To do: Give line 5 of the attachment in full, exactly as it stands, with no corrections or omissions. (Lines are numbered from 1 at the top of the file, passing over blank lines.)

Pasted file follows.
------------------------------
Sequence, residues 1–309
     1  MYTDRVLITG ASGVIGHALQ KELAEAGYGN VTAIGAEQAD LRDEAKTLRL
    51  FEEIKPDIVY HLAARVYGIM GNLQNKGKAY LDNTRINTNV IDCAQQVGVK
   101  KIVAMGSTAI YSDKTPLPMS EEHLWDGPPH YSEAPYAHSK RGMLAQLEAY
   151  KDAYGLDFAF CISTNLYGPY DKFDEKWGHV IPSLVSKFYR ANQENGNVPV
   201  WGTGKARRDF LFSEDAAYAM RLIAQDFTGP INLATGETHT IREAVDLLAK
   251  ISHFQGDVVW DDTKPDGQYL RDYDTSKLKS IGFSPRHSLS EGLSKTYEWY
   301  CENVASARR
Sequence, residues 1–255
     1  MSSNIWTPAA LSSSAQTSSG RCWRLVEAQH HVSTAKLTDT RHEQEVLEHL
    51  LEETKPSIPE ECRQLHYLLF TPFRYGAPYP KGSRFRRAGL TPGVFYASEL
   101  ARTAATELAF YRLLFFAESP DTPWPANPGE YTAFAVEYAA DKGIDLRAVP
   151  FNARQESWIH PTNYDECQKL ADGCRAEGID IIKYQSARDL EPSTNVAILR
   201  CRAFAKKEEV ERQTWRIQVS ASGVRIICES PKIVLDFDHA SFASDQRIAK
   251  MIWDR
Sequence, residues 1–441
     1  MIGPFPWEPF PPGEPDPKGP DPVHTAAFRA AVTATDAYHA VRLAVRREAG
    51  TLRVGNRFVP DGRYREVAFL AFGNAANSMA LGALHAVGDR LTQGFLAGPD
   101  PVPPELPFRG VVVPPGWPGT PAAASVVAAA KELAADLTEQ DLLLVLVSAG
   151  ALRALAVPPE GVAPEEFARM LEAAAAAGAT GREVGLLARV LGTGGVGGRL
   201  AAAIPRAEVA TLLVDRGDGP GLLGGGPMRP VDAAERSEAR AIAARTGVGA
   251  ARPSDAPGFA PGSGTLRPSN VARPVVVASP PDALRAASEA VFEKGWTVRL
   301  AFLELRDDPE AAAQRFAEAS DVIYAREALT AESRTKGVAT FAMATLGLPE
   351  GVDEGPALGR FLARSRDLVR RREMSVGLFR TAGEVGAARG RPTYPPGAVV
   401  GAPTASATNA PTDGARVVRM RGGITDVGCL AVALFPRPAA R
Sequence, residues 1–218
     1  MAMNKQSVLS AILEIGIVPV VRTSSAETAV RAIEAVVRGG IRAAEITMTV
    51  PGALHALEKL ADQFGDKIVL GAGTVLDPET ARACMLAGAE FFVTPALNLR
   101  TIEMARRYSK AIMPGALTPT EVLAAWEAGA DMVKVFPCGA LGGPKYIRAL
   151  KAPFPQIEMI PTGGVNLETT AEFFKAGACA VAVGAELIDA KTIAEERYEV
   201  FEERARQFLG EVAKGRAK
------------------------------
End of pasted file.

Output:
   151  KDAYGLDFAF CISTNLYGPY DKFDEKWGHV IPSLVSKFYR ANQENGNVPV